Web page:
Encryption is the heart of PK Protect. Encrypting a file encodes its contents so that the file cannot be read until it is decrypted. Decrypting removes the encryption and restores the file to its original form.
Encryption provides confidentiality for data. Unencrypted data is called plaintext. Encryption transforms the plaintext data into an unreadable form, called ciphertext, using an encryption key. Decryption transforms the ciphertext back into plaintext using a decryption key.
You can encrypt files either when you add them to a ZIP archive or after they are in a ZIP archive.
Encrypting with PK Protect
Generally speaking, the easier an encryption standard is to use, the less secure it is. With PK Protect you have a choice in what standard to use. Traditional ZIP encryption with relatively simple passphrases is almost certainly good enough to preserve the secret family cookie recipe from the neighbors, but the initial business plan for your unique new product needs to get to your patent attorney with strong encryption. Strong encryption is much more secure. Traditional encryption support is mainly intended for legacy content.
The PK Endpoint Agent uses these methods to encrypt files:
- Strong, passphrase-based encryption
You can use a passphrase or a key from one or more digital certificates (or both passphrase and certificate) to encrypt files. A passphrase uses letters, numbers, spaces and other non-alphanumeric symbols to allow your recipient to open your encrypted file or message.
- Strong, certificate-based encryption
If you use a passphrase to encrypt, anyone who has the passphrase can decrypt. If you use a key from a digital certificate, only the owner of the certificate can decrypt. If someone sends you an archive containing files encrypted with your digital certificate, the PK Endpoint Agent attempts to decrypt the files automatically when you (and only you) extract them.
- Encryption based on the OpenPGP standard, RFC 4880. You can also create OpenPGP files encrypted using passphrases, public/private key pairs, or both.
- Encryption with Smartkeys: Smartkeys replace both passphrase- and certificate-based encryption, and makes the PK Endpoint Agent unique. A Smartkey is a collection of encryption keys tied to an access control list (ACL). The ACL defines who can decrypt the data contained in an archive. PK Protect administrators can also create community keys, defining groups of users to encrypt to.
The PK Endpoint Agent does not extract files that cannot be decrypted. Someone who wants to extract encrypted files must either be able to supply a correct passphrase or else own a digital certificate used to encrypt the files.
Encrypting with OpenPGP
Some organizations use encryption tools based on the OpenPGP standard, rather than the International Telecommunications Union X.509 standard. OpenPGP uses the same basic Public Key Infrastructure principles for exchanging encrypted files, but uses a decentralized “Web of Trust” method of authenticating signatures.
The PK Endpoint Agent extracts and decrypts files that comply with the OpenPGP standard, RFC 4880. It can also create OpenPGP files encrypted using passphrases, public/private key pairs, or both; it will apply digital signatures with OpenPGP public/private key pairs too. In this section, you’ll learn more about the OpenPGP standard, and how to use the PK Endpoint Agent with OpenPGP.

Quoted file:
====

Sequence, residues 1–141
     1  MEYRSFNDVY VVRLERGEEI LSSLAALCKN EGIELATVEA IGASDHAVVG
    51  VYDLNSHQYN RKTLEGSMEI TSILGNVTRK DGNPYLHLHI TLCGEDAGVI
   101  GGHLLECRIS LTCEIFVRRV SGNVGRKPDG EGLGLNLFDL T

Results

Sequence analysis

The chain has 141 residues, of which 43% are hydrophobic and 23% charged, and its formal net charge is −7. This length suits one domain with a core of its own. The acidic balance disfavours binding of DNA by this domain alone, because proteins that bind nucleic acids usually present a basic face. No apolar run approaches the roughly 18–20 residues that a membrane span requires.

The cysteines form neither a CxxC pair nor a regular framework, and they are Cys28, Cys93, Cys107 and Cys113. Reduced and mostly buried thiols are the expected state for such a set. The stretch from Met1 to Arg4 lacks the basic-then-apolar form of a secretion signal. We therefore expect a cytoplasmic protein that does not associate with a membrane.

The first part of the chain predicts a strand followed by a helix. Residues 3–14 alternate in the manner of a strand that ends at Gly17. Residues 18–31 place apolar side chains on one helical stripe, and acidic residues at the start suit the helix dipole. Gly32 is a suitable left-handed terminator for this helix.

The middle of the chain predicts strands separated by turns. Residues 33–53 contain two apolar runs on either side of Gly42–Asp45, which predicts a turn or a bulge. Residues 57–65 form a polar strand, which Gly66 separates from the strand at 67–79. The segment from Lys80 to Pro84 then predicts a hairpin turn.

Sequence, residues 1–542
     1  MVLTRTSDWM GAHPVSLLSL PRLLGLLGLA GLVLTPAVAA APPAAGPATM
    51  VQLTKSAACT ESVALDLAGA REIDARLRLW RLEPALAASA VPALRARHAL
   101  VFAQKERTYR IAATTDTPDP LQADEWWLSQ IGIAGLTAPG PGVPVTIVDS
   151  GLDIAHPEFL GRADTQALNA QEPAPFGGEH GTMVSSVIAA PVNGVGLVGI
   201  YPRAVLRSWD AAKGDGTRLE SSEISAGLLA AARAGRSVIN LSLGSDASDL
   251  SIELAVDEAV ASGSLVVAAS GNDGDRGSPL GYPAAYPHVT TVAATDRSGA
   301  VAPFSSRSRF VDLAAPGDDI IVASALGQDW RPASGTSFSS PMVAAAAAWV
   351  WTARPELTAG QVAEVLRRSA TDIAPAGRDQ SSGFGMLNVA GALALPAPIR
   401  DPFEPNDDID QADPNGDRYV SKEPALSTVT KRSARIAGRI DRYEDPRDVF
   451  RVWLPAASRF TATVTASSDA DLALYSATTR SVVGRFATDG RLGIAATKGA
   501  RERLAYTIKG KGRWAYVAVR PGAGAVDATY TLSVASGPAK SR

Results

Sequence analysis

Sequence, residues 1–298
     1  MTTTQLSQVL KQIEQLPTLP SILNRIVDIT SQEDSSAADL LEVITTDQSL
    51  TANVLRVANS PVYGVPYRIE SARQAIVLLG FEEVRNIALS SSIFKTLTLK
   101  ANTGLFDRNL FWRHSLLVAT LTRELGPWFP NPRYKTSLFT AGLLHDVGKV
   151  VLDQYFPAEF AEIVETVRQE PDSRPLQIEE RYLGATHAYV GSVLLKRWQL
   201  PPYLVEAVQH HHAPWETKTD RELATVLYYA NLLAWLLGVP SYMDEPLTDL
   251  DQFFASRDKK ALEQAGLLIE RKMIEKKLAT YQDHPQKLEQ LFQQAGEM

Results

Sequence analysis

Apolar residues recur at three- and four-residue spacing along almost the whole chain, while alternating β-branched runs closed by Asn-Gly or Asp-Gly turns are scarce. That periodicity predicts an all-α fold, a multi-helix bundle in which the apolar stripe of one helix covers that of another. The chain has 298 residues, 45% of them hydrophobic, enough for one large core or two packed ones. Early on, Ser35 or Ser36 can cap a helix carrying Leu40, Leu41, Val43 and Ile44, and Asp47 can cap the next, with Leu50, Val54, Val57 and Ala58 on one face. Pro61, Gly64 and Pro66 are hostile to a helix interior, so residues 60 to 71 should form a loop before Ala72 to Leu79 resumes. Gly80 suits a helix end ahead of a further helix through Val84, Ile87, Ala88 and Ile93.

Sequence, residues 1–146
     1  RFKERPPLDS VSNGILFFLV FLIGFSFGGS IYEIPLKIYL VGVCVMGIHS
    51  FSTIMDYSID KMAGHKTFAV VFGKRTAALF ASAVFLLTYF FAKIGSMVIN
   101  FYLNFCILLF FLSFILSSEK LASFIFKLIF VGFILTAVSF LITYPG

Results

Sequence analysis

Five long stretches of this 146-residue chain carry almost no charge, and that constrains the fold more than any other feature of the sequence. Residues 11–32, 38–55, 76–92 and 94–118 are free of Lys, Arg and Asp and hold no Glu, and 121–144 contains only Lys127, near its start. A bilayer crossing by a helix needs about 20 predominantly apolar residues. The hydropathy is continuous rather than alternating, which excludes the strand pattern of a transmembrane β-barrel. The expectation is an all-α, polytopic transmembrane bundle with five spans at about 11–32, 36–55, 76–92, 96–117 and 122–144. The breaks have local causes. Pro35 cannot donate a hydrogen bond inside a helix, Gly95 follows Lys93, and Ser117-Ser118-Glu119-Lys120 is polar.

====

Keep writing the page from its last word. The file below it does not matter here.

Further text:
Overview: OpenPGP vs. X.509
The X.509 standard relies on a hierarchical “trust chain” model, where an individual digital signature is issued by an intermediate Certificate Authority (CA), which is assumed to have received enough documentation to determine that an individual is who he says he is. The intermediate CA’s certificate gets its certificate, in turn, from a Root CA. Each certificate says who issued it, and theoretically if you question the authenticity of a certificate, you can find the documentation presented to the original CA.
OpenPGP certificates are typically created by individuals, and authenticated by other individuals. In the real world, you have friends who can vouch that you are who you say you are. If you walk into a room full of strangers, your friend can introduce you to the people he knows. Since you trust that your friend is correctly identifying his friends and acquaintances, that trust extends to his friends too.
When you translate the above experience to the electronic, OpenPGP world, it works this way: You create an OpenPGP certificate to identify yourself. When a friend comes to visit, display the certificate. The friend can now sign your certificate (often called “key signing”) and certify that this certificate represents you. Now everyone who trusts the person who signed your key can also trust that your certificate is authentic. A Web of Trust is developed as more people authenticate each certificate. Everyone in the Web of Trust can also exchange messages in the OpenPGP format.
Applying OpenPGP to Archives
To apply OpenPGP encryption or a digital signature to an archive, make sure that OpenPGP is enabled in the Security General Options, and that the OpenPGP Options are set appropriately to the task you are performing (including creating a new archive, adding files to an archive, refreshing or updating an archive).
Add files to a new archive as you would normally, then use the Save As dialog to save the archive with the OpenPGP file type. When you apply OpenPGP to a new archive, you actually create a TAR archive, which can be signed, encrypted, compressed (or any combination of those actions) in the same dialog. The PK Endpoint Agent uses only algorithms supported by the OpenPGP standard on OpenPGP files. These algorithms are listed in the next section.